I find myself staring at the moon more and more.
It started in 2014 when Genevieve and I began writing Star Dust (yes, we’ve been working on this series for that long). The core of that book is the hero and heroine sitting in the dark saying things they wouldn’t otherwise. Secret confessions and wants and dreams and hopes, all accompanied by the stars.
To write those conversations, I would walk Gromit, my dog, late at night and contemplate the few constellations you can see in my suburban neighborhood. There is a lot of light pollution, but Orion is there. So is Taurus, which Kit shows Anne-Marie how to find. But mostly the moon dominates the view.
There are nights when the moon is so beautiful it hurts to look at it, and I can only manage a few brief glances. When it’s full, it seems so close I’ve reached up as if to nudge the craters with my fingertips. Lately, it’s been a gold scythe in the sky slicing through the blackness.
Scientists estimate the moon’s age to be 4.5 billion years, a number we have because humans went and collected rock samples. As in actual humans walked on the actual surface of the actual moon.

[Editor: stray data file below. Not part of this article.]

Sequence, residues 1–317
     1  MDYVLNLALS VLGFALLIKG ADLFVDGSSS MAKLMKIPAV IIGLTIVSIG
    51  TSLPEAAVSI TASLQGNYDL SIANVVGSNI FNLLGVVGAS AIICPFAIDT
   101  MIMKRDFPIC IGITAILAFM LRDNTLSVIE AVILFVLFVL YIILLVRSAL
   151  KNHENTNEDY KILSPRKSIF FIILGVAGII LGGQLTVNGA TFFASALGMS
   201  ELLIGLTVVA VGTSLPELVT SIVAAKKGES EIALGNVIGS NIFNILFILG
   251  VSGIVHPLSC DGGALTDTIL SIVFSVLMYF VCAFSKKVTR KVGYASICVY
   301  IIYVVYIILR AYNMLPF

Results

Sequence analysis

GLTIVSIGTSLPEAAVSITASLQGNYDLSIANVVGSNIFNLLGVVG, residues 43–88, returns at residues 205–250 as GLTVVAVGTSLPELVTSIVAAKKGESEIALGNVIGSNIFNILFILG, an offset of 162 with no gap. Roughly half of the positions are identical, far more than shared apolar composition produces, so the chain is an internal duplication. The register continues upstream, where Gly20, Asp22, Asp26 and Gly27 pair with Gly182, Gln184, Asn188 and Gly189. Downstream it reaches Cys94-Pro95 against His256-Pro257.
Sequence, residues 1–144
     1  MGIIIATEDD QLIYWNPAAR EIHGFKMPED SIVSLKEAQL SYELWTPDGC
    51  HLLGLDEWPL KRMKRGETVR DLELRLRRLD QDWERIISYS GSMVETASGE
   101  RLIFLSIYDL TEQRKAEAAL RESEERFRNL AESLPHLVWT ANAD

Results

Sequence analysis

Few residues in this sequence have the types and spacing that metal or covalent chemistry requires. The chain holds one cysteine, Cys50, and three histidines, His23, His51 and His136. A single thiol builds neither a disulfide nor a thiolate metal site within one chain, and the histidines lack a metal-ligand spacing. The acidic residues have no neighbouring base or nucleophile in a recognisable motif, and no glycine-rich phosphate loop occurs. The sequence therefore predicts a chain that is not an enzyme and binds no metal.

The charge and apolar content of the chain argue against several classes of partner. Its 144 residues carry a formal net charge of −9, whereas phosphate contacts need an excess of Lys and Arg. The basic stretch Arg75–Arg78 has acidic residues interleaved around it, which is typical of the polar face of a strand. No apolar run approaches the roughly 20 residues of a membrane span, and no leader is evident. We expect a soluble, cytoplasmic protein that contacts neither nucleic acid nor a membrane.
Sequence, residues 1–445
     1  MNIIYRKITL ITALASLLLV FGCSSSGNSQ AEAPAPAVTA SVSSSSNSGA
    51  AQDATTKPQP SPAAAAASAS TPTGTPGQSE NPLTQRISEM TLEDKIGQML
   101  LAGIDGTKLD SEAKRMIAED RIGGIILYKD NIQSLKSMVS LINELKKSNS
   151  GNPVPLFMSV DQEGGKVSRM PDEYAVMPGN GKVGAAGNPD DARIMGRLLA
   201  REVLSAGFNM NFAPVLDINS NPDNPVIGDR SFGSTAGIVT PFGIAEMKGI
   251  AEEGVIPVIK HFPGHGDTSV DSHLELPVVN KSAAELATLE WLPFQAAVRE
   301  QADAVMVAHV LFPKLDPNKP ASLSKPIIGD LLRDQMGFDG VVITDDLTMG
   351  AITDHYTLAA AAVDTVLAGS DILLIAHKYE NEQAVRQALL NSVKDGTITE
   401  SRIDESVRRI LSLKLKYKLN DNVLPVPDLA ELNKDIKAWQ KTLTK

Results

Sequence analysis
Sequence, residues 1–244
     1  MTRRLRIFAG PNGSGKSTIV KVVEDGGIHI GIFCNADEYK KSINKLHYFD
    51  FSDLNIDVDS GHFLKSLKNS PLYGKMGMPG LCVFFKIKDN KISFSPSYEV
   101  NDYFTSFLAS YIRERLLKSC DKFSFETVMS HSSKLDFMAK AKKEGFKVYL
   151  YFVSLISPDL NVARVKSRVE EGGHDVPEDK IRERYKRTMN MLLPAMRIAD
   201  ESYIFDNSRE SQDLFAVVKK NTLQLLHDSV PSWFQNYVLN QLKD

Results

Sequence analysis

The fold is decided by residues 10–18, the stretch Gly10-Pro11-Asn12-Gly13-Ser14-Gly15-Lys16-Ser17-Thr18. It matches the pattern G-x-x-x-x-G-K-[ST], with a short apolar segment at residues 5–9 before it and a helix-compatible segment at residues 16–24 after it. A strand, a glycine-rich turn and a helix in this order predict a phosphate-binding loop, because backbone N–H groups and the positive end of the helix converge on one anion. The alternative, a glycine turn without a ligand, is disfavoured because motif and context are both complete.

At this point, I’ve read so much space history, I should be accustomed to this fact. Hell, I can’t remember a time when I didn’t know about it. But every night, when Gromit and I are strolling in the dark, and the moon appears between the branches of the oak trees lining my street, I can’t get over it. Human beings walked on the moon.
Lately I’d rather look up than down. Things are happening on earth that have me transfixed and heartbroken and from which we’re all beginning to need an escape. While I’ve struggled to write, books and art and love seem more important than ever.
But so, in some ways, does the moon. It’s been there for 4.5 billion years, almost as long as the earth itself. Dinosaurs saw the moon, so did Neanderthals. And no matter what happens, it’ll still be there, too lovely to be believed.